After being operational for 40 years, the air traffic control tower at Barkley Regional Airport is set to undergo major renovations this month.
The renovation project calls for the existing tower to be dismantled down to its metal skeleton, with additional supports being added to bring the tower inline with current seismic codes. It will then have a new roof and HVAC system installed before being re-skinned. The final phase of the project calls for the tower cab to be fitted with brand new computers, weather related equipment, and other systems that controllers are anxious to have at their disposal.
Airport spokesperson Eddie Grant says the project will take about 12 to 16 months. Air traffic controllers will move into a temporary tower on May 19th so operations can continue until the project is complete.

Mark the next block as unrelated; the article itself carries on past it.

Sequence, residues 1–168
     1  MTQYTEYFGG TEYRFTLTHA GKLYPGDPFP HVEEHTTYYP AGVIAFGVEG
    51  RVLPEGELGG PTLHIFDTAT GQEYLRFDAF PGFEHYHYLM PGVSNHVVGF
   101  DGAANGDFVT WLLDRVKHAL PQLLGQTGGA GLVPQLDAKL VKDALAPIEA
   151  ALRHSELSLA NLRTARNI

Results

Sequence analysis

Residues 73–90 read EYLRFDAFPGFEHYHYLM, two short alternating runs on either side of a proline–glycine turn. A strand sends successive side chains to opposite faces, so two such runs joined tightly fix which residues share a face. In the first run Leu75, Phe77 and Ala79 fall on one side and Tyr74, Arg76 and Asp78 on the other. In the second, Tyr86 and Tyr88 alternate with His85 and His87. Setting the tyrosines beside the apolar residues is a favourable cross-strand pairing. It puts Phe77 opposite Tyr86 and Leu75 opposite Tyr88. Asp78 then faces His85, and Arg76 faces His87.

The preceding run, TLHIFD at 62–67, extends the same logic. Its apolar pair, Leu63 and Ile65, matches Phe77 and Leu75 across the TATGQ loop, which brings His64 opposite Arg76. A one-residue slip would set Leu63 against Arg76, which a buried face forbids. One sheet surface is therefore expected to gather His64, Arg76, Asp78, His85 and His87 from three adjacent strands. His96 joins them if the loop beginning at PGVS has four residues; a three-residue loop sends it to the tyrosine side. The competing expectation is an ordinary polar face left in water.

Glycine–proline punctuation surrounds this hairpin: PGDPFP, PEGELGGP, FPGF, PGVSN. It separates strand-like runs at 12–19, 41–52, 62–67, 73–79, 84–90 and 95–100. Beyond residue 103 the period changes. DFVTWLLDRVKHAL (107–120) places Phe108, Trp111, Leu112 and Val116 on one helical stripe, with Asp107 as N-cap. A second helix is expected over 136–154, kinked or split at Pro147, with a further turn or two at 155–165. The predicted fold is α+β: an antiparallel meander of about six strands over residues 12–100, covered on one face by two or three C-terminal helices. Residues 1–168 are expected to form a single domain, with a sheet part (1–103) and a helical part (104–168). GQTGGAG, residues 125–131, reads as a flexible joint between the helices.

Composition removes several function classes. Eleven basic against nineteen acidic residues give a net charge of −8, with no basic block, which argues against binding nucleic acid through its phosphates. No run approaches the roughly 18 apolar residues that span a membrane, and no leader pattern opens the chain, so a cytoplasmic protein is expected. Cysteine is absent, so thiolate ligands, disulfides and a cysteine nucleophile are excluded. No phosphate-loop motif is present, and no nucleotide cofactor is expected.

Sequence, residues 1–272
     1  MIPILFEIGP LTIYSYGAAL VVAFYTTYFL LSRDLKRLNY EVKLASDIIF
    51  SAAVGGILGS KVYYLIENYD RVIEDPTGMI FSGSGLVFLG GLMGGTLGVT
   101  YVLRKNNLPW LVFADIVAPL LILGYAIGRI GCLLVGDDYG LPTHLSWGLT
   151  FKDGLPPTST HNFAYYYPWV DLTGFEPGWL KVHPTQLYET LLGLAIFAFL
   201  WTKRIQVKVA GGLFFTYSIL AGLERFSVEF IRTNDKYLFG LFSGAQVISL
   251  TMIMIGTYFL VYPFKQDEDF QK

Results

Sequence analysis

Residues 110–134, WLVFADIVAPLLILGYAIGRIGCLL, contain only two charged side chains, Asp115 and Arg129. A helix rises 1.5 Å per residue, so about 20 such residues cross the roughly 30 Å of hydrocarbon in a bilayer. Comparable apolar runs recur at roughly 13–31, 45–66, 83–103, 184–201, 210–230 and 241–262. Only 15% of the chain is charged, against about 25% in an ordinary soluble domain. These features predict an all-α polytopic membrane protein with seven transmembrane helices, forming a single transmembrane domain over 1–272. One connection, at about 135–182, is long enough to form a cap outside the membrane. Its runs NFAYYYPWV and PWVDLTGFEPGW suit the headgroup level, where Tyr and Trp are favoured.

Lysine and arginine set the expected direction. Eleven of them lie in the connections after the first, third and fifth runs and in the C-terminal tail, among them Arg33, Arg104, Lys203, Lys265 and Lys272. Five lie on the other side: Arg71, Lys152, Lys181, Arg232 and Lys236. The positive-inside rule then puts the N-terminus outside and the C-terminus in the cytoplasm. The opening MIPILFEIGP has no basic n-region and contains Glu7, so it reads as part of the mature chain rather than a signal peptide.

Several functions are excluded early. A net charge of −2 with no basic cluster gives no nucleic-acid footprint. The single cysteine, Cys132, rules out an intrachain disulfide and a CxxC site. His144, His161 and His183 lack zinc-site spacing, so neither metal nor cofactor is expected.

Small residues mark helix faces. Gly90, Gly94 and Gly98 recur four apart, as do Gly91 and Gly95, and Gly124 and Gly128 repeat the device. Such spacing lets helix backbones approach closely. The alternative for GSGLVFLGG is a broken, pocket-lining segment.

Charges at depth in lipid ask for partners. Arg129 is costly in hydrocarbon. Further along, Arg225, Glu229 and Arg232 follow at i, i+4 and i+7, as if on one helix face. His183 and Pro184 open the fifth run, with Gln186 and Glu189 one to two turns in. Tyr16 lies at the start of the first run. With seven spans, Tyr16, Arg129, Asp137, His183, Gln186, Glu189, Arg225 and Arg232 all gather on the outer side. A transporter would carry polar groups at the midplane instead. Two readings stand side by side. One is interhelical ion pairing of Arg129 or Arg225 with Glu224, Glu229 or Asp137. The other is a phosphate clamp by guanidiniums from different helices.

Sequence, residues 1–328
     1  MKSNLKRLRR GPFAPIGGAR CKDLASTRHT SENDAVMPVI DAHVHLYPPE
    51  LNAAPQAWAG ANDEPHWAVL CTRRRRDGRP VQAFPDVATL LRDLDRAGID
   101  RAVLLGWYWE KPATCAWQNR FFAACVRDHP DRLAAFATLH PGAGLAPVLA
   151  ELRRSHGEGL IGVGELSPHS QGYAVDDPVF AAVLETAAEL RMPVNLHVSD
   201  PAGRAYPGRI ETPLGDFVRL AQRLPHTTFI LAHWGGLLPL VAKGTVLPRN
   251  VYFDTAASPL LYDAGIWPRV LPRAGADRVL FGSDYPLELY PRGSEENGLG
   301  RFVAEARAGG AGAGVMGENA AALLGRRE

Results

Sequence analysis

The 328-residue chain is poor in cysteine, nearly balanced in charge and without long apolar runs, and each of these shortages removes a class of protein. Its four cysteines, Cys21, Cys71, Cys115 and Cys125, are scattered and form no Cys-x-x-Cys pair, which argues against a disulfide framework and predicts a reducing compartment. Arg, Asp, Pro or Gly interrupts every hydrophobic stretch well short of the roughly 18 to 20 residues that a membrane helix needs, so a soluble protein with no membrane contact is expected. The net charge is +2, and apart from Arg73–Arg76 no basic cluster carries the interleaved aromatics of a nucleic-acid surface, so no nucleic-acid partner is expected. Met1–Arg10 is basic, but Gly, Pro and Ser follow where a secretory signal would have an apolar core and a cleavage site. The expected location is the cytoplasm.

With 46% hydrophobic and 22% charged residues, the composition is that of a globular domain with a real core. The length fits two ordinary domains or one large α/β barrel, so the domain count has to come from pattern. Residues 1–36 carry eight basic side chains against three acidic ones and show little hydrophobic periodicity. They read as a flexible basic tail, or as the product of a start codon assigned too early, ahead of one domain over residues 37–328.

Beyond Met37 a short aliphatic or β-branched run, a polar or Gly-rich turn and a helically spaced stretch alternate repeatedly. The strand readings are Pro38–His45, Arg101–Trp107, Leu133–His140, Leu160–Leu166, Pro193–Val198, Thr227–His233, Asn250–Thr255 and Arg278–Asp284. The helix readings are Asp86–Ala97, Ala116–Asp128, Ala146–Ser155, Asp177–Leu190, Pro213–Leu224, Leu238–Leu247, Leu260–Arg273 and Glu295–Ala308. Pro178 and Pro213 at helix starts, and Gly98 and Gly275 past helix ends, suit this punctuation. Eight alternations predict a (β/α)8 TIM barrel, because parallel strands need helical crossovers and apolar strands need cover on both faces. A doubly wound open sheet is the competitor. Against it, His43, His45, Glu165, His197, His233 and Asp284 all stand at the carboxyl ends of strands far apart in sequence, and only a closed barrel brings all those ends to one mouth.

"We want everyone to know that all airport operations will not be impacted through the course of the renovations," said Airport Manager Richard Roof. "With the temporary tower in place, Barkley will still be a tower controlled airport for the duration of the project."
Money for the renovation has already been set aside from the Federal Aviation Administration's budget in 2011 and 2012, but delays in projects at other airports caused the start date to be pushed back. The project was also put in jeopardy last year when the FAA threatened to close 149 contract towers as part of sequestration mandated cuts. Congress has since acted to protect the towers and the project was given the green light.
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